3. ^ Although fundamental to a great picture, argues Howard Chapnick, it is not in itself enough; after all, he hypothesized, "why is it that photographers covering the same event produce pictures of varying and dramatically different quality?"[10]
  4. ^ Indeed, it has been suggested that, once his settings were so loaded, "a photographer of 40 years ago could still get off a shot faster today than someone using a point-and-shoot digital camera or all but the best digital SLRs."[17]


  1. ^ "Weegee's Speed Graphic camera". International Center of Photography. 2016-03-03. Retrieved 2023-04-20.
  2. ^ a b Day 2004, p. 5.
  3. ^ a b c d Perlmutter 2003.
  4. ^ a b CEE 2024.
  5. ^ Hudson 2009, p. 1060.
  6. ^ Spicer & Hanson 2003, p. 185.
  7. ^ Teachout 2018, p. 74.
  8. ^ Bomb 1980, p. 58.
  9. ^ Underwood 2007.
  10. ^ Chapnick 1994, p. 346.
  11. ^ Galer 2015, p. 167.
  12. ^ a b Koltermann 2017, p. 55.
  13. ^ Peebles 2011, p. 13.
  14. ^ Proceedings 1976, p. 309.
  15. ^ Pelizzon & West 2004, p. 25.
  16. ^ Stolley 2009, p. ix.
  17. ^ a b Simon 2004, p. 24.
  18. ^ Levy 2001, p. 163.
  19. ^ Sacks 2015, p. 13.
  20. ^ Leonard 2017, p. 25.
  21. ^ Tanner 2018.
  22. ^ Phillips 2001, p. 206.


  • Bomb (1980). "Weegee on Weegee". Bomb Magazine (20).
  • "Weegee". The Columbia Electronic Encyclopedia (6th ed.). Columbia University Press. 2024. Retrieved 2024-02-15.
  • Chapnick, H. (1994). Truth Needs No Ally: Inside Photojournalism. Columbia, MO: University of Missouri Press. ISBN 978-0-82620-955-9.
  • Day, K. (December 2004). "F11 and Be There". Stereoscopy: The Journal of the International Stereoscopic Union (60): 5–11. OCLC 1068820667.
  • Galer, M. (2015). Introduction to Photography: A Visual Guide to the Essential Skills of Photography and Lightroom. London: Taylor & Francis. ISBN 978-1-31752-087-0.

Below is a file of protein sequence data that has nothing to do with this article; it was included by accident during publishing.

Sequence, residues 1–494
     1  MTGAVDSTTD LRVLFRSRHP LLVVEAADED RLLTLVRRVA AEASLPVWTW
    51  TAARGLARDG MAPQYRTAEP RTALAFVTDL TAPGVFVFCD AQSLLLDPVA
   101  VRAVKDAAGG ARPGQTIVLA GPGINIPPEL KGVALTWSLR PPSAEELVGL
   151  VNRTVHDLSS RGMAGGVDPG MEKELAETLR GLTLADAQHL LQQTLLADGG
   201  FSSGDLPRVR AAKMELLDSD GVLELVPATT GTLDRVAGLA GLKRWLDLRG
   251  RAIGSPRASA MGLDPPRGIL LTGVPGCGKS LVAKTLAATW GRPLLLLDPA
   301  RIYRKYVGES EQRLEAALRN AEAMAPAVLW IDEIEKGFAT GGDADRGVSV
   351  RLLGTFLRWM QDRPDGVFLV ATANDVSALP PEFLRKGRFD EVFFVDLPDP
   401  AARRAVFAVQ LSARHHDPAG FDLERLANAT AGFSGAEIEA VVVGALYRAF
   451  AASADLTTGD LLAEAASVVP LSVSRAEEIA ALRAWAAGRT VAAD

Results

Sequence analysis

• Hudson, B. (2009). Sterling, C. H. (ed.). Encyclopedia of Journalism. Vol. IV. Thousand Oaks, CA: SAGE. pp. 1060–1067. ISBN 978-0-76192-957-4.
  • Koltermann, F. (2017). Fotoreporter im Konflikt: Der internationale Fotojournalismus in Israel/Palästina. Bielefeld: Verlag. ISBN 978-3-83943-694-3.
  • Leonard, B. (2017). The Great Outdoors: A User's Guide: Everything You Need to Know Before Heading into the Wild (and How to Get Back in One Piece). New York, NY: Artisan. ISBN 978-1-57965-782-6.
  • Levy, Michael (2001). Selecting and Using Classic Cameras: A User's Guide to Evaluating Features, Condition & Usability of Classic Cameras. Amherst Media, Inc. ISBN 978-1-58428-054-5.
  • Peebles, D. (2011). Photographing Maui: Where to Find Perfect Shots and How to Take Them. Woodstock, VT: Countryman Press. ISBN 978-1-58157-893-5.
  • Pelizzon, V. P.; West, N. M. (2004). ""Good Stories" from the Mean Streets: Weegee and Hard-Boiled Autobiography". The Yale Journal of Criticism. 17: 20–50. doi:10.1353/yale.2004.0006. S2CID 162223641.
  • Perlmutter, D. D. (2003). "Photojournalism (Still News Photography)". Encyclopedia of International Media and Communications. Elsevier Science & Technology. Retrieved 20 April 2019.
  • Phillips, N. (2001). The Big Difference: Life Works when You Choose it. Harlow: Pearson. ISBN 978-1-84304-001-9.
  • Proceedings (1976). "Jim's father was a news photographer In Milwaukee". Technical Communication. 23.
  • Sacks, A. (2015). "f/8 and be there". In Steinberg, S. (ed.). In the Name of Editorial Freedom: 125 Years at the Michigan Daily. Ann Arbor: University of Michigan Press. pp. 12–14. ISBN 978-0-47203-637-0.
  • Simon, D. (2004). Digital Photography Bible. London: John Wiley. ISBN 978-0-76457-658-4.
  • Spicer, A.; Hanson, H. (2003). A Companion to Film Noir. London: John Wiley. p. 185. ISBN 978-1-11852-371-1.
  • Tanner, K. (2018). "On his way to go surfing in Morro Bay, this photographer captured a 'melee' of wildlife". The Tribune. Archived from the original on 20 April 2019. Retrieved 20 April 2018.
  • Cookman, C. H.; Stolley, R. B. (2009). "Foreword". American Photojournalism: Motivations and Meanings. Evanston, IL: Northwestern University Press. pp. ix xiv. ISBN 978-0-81012-358-8.
  • Teachout, Terry (2018). "The Lost World of Weegee". Commentary Magazine: 73 76.
  • Underwood, R. (2007). Roll! Shooting TV News: Views from Behind the Lens. New York: Taylor & Francis. ISBN 978-1-13603-329-2.